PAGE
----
The Rising Costs of Health Care

With the new administration’s failed initiative to repeal the Affordable Care Act, we have seen a renewed focus on the rising costs of health care. Health insurance premiums have risen 213% from 1999 to 2016 for family coverage purchased through an employer .1 Wages have risen 60% in that time2 with inflation rising 44%.3 While many consumers are aware that medical costs have risen, it is also helpful to examine the underlying trends which contribute to the rise.

Health economists point to several reasons for the rising cost in health care including an aging population, rising pharmaceutical costs, behavioral and lifestyle choices and costs associated with medical malpractice.4 Rising pharmaceutical costs are driven by increased utilization and newer, higher priced drugs replacing older less expensive drugs. Poor behavioral and lifestyle choices lead to chronic health conditions such as diabetes, cancer and heart disease. Health care providers incur higher costs for malpractice insurance and may order more tests than necessary to avoid litigation. Other factors include technological advances and service provider consolidation.5 New technologies may offer incremental improvements but carry a much higher price tag. The consolidation of hospitals and physician practices also drives up prices as consumers have less choice in providers.

In addition to these factors, one of the biggest challenges to consumers is price transparency. The cost for a test or procedure can vary greatly depending on the provider and insurer. One study completed by an economist at the University of Notre Dame illustrated the variance in the cost of a mammogram across nine providers in the same geographic area among three insurers. The cost of the mammogram ranged from $202 to $882.6 It is difficult to shop around as the agreed upon reimbursement rate between insurers and providers is not disclosed.

Adding to the problem of rising costs are the difficulties faced by insurers since the enactment of the Affordable Care Act in 2010. Health insurance companies are losing money on policies sold on state exchanges due in part to the combination of the lack of young healthy insureds enrolled and the underestimation of costs associated with those enrollees with pre-existing health conditions.  Those who would not qualify for coverage previously are now getting care. As a result, United Health Care and Aetna announced last year they are pulling out of many state health care exchanges.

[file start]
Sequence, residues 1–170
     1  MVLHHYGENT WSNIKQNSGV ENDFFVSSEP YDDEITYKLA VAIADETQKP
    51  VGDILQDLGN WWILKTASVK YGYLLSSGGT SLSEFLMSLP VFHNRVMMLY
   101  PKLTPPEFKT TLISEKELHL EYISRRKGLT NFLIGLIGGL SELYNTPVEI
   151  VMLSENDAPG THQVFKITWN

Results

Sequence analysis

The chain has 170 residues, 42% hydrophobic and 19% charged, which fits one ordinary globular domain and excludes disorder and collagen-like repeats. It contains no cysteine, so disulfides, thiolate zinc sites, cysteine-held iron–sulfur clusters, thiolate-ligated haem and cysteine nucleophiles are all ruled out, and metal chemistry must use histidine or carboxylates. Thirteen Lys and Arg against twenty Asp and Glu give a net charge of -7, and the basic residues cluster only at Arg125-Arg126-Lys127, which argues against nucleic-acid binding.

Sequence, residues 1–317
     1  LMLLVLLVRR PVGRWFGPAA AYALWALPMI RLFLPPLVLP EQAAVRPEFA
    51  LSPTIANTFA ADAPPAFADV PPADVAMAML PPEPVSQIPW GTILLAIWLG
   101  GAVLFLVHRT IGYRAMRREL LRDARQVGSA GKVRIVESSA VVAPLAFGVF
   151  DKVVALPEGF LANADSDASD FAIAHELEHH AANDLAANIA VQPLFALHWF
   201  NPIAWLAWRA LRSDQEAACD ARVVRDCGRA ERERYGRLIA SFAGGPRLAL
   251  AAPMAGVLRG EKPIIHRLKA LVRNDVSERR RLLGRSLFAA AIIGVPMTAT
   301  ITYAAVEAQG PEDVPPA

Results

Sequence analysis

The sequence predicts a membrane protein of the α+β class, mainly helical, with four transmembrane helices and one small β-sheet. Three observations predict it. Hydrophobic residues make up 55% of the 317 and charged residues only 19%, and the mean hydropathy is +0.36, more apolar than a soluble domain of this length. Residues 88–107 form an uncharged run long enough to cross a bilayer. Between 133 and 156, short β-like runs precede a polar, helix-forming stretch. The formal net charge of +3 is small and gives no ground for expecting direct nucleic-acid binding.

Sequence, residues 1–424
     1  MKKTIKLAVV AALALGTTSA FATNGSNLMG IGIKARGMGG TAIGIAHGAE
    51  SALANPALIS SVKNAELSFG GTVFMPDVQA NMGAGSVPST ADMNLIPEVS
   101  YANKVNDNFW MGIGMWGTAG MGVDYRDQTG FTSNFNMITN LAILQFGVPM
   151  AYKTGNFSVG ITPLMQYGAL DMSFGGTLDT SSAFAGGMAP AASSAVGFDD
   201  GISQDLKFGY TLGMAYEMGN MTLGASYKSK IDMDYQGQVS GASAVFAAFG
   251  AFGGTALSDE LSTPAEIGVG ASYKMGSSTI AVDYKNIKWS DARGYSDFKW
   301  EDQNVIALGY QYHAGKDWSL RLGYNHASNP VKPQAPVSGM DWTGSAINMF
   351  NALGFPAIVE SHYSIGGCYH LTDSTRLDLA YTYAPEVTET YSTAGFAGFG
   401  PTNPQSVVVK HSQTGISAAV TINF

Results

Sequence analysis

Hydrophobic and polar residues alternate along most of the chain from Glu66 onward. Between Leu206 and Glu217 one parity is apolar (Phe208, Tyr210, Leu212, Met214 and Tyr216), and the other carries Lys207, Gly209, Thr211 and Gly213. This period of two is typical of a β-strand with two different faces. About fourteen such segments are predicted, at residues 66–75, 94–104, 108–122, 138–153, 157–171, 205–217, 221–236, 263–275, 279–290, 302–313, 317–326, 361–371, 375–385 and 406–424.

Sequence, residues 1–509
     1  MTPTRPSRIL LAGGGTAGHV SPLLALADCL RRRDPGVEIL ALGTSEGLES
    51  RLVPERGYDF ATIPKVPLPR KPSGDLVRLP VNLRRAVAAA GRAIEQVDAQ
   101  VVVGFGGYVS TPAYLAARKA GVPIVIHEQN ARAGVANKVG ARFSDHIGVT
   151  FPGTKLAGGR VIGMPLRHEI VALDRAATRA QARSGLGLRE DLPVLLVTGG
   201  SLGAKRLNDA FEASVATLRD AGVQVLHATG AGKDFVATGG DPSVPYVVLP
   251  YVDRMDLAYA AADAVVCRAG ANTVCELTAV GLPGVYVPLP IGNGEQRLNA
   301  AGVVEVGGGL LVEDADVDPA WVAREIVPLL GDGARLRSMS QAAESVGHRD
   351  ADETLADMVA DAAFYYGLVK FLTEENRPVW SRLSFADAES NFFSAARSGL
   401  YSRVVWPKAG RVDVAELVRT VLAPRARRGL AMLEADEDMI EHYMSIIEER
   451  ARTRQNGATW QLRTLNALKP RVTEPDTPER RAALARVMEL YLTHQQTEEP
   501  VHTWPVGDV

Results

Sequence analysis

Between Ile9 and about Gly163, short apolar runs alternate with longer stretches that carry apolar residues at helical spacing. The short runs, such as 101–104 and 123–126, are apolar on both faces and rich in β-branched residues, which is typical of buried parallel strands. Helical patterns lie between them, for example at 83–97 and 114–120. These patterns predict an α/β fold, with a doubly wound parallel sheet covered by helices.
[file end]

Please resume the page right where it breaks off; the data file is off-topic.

With all of the uncertainty, Carmichael Hill has compiled a list of suggestions to aid in reducing health care costs:

Review your plan and stay In Network. While many patients check to see if their primary doctor is “In Network”, they may not be aware that the lab where bloodwork is sent or the other professionals involved in their care (i.e., anesthesiologists and radiologists) are “Out of Network”. Additionally, if you are hospitalized, it is important to understand the terms of your stay in the hospital. Find out if you are being admitted or held on observation status. If you are held in the hospital overnight on “observation status”, you will be considered an outpatient and responsible for copays and deductibles, which may be higher than for an inpatient stay. To further control costs, consider indicating in the admitting documents that you will accept financial responsibility for health care providers who are “In Network”. This will lower costs and may give you some leverage when negotiating the bill in the future.7

Compare costs of services for both the mundane and more complex medical procedures. Obtain the CPT code (current procedural code) for a particular procedure. The CPT code is a five digit billing code used to bill the procedure. Using this code, you can contact multiple medical centers to compare prices for the procedure. While it may take some persistence, contact a facility’s billing department to ask what the doctor’s rates are. Check state sponsored hospital web sites for pricing information on common procedures as well as insurance company sites. If you are paying cash, Medibid.com and HealthcareBlueBook.com help compare the prices for services in your area. While not publicized, some providers offer a prompt pay discount.8